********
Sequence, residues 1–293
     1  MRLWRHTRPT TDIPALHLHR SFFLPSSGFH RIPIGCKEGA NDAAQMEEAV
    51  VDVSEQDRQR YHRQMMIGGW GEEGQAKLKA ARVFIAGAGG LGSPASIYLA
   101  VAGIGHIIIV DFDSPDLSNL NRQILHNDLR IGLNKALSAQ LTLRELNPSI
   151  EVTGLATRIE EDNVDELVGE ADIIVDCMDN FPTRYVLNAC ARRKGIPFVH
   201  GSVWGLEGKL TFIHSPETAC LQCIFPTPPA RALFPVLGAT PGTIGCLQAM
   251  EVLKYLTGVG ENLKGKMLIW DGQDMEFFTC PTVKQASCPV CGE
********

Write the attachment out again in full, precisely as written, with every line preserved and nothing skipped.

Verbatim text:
Sequence, residues 1–293
     1  MRLWRHTRPT TDIPALHLHR SFFLPSSGFH RIPIGCKEGA NDAAQMEEAV
    51  VDVSEQDRQR YHRQMMIGGW GEEGQAKLKA ARVFIAGAGG LGSPASIYLA
   101  VAGIGHIIIV DFDSPDLSNL NRQILHNDLR IGLNKALSAQ LTLRELNPSI
   151  EVTGLATRIE EDNVDELVGE ADIIVDCMDN FPTRYVLNAC ARRKGIPFVH
   201  GSVWGLEGKL TFIHSPETAC LQCIFPTPPA RALFPVLGAT PGTIGCLQAM
   251  EVLKYLTGVG ENLKGKMLIW DGQDMEFFTC PTVKQASCPV CGE